Secret Site Map
Tuesday, September 16, 2014

Home News Bill to Eliminate EPA Pesticide Permit Requirements Introduced

Bill to Eliminate EPA Pesticide Permit Requirements Introduced

FQPA

U.S. Sens. Mike Johanns (R-Neb.) and Pat Roberts (R-Kan.) have introduced S.175, legislation to eliminate a burdensome, costly and redundant Environmental Protection Agency (EPA) permit requirement for applications of pesticides.

| February 1, 2013

WASHINGTON – U.S. Sens. Mike Johanns (R-Neb.) and Pat Roberts (R-Kan.) have introduced S.175, legislation to eliminate a burdensome, costly and redundant Environmental Protection Agency (EPA) permit requirement for applications of pesticides.

At issue is the January 2009, Sixth Circuit Court of Appeals opinion in National Cotton Council v. U.S. Environmental Protection Agency, that requires pesticide applications to be permitted under the Clean Water Act. This National Pollutant Discharge Elimination System (NPDES) permit is now in addition to any label requirements or restrictions already placed on the use of a pesticide under the Federal Insecticide, Fungicide and Rodenticide Act (FIFRA).

Since early 2012, EPA has enforced a now permanent rule in response to the Sixth Circuit Court ruling requiring approximately 35,000 pesticide applicators to get permits to cover about 500,000 applications per year. EPA estimates determined the permit rule will cost states, local entities and pesticide applicators $50 million and require one million hours to implement per year. Under the Clean Water Act, unlawful discharges are subject to $37,500 per day in fines.

This requirement is of particular concern for public health officials who are now restricted in their ability to control mosquitoes, and the spread of diseases like the West Nile virus. It is also a significant issue for agriculture.

The Roberts and Johanns bill, S. 175, ensures Clean Water Act permits are not needed for the applications of pesticides and amends FIFRA by stating that no permit shall be required for the use of a pesticide that is registered under FIFRA. Roberts introduced the same legislation in the last Congress where it was blocked from consideration on the Senate floor. Also in the 112th Congress, the House and the Senate Agriculture Committee passed similar legislation, H.R. 872, with strong bipartisan support.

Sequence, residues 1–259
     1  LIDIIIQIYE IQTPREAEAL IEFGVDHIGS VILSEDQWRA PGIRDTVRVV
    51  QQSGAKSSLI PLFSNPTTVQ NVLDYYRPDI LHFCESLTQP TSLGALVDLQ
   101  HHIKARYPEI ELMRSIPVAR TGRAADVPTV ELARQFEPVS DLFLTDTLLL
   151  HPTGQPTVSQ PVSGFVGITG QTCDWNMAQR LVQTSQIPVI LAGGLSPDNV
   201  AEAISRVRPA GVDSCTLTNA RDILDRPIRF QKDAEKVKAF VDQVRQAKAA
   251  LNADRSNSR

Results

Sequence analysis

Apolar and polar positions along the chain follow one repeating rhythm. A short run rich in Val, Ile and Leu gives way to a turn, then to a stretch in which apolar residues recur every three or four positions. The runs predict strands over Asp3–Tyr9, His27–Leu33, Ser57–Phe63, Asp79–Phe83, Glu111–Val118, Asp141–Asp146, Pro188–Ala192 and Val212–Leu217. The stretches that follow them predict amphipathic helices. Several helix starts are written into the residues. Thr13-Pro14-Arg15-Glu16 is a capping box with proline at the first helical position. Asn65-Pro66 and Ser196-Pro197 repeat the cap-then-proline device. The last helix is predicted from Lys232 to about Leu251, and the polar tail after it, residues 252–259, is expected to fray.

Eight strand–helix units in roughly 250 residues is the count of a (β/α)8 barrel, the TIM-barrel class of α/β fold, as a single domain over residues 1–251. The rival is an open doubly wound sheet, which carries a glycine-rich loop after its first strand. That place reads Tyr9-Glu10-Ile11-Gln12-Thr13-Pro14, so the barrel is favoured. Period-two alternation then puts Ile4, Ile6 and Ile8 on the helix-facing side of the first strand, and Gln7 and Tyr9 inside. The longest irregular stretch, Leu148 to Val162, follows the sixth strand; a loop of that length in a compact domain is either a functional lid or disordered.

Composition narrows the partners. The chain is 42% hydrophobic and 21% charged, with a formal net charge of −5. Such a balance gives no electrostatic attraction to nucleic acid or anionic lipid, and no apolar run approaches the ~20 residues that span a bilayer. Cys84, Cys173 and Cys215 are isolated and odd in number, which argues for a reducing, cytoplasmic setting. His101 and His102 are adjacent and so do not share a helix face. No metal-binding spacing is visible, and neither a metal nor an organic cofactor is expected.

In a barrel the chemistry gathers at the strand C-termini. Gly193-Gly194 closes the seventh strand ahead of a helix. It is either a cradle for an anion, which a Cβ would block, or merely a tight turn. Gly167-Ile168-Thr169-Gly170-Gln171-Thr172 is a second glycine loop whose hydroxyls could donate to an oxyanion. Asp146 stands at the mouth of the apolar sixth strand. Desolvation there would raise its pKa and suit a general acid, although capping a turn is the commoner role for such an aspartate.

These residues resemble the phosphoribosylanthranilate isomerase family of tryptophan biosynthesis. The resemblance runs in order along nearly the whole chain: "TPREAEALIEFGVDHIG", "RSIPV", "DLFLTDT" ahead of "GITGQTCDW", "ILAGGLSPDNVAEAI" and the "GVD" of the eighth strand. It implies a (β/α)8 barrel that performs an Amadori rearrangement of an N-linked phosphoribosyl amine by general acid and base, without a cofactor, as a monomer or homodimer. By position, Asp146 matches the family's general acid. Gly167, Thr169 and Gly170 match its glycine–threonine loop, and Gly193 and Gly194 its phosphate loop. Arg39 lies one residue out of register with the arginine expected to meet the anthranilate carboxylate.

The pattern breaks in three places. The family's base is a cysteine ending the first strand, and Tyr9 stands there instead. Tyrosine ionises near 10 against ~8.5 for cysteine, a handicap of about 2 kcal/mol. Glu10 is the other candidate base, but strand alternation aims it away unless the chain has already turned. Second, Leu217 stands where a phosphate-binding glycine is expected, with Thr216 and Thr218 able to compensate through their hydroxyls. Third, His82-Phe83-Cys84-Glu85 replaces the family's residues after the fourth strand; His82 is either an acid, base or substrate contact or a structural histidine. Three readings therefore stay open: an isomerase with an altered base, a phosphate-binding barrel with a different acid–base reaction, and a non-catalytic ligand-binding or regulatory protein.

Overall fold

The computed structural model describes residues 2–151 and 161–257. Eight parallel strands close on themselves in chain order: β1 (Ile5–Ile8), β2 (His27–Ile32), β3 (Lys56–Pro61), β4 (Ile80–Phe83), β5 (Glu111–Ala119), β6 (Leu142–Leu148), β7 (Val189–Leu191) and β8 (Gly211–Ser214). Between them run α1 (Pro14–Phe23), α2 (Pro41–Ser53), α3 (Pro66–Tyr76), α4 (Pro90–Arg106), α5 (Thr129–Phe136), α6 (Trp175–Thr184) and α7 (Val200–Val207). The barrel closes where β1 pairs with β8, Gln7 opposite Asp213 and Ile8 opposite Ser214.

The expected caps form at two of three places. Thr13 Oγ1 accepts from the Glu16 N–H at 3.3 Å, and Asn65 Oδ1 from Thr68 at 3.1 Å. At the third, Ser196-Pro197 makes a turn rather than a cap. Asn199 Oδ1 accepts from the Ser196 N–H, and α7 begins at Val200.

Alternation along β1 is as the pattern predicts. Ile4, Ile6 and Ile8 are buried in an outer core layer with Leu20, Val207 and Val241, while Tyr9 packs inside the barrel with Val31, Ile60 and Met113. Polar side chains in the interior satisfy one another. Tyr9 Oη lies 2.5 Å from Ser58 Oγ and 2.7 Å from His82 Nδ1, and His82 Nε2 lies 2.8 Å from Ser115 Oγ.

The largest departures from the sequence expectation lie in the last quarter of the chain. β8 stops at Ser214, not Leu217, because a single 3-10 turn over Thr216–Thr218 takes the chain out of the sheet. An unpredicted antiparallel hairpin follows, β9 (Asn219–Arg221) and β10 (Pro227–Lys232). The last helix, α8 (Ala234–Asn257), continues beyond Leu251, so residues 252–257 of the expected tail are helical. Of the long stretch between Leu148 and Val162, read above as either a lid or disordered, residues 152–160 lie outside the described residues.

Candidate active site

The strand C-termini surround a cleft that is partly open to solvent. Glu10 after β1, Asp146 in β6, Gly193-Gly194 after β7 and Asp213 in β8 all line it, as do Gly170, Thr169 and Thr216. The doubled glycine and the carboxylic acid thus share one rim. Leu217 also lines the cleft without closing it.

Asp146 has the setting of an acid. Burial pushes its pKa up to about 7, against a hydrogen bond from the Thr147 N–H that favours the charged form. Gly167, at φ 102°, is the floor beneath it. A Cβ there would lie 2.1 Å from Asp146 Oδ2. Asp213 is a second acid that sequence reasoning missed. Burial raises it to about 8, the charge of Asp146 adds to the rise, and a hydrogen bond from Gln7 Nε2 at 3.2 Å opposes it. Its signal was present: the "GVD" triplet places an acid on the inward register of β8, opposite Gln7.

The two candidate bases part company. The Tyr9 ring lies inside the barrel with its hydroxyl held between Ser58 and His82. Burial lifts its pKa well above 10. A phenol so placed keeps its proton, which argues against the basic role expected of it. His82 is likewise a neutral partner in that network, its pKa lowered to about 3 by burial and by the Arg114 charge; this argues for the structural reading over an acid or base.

The bill has the following original cosponsors: Senators Jerry Moran (R-KS), Roy Blunt (R-MO) John Barrasso (R-WY), John Thune (R-SD), Chuck Grassley (R-IA), David Vitter (R-LA), Michael Enzi (R-WY), James Inhofe (R-OK) and John Boozman (R-AR).
 

Top news

Terminix-Triad Adopts New Approach to Employee Recruitment

The company is using social media to attract potential employees and working with community colleges to raise awareness of pest control as a possible career path for students.

FMC Corporation to Acquire Cheminova

FMC Corporation announced that it has signed a definitive agreement to acquire Cheminova A/S, a wholly owned subsidiary of Auriga Industries A/S

Patented Portable Heat Injector System

The new heating system was created with significant input from pest control companies.

Police Investigate Death of Jill Su, Wife of Dr. Nan-Yao Su

Davie, Fla. police have ruled the death of 59-year-old Jill Su a homicide, multiple news outlets report. Jill Su is the wife of noted University of Florida Entomology Professor Dr. Nan-Yao Su.

Climate, Genetics Can Affect How Long Virus-Carrying Mosquitoes Live

The longer a mosquito lives, the better its odds of transmitting disease to humans or animals, according to new research from the University of Florida.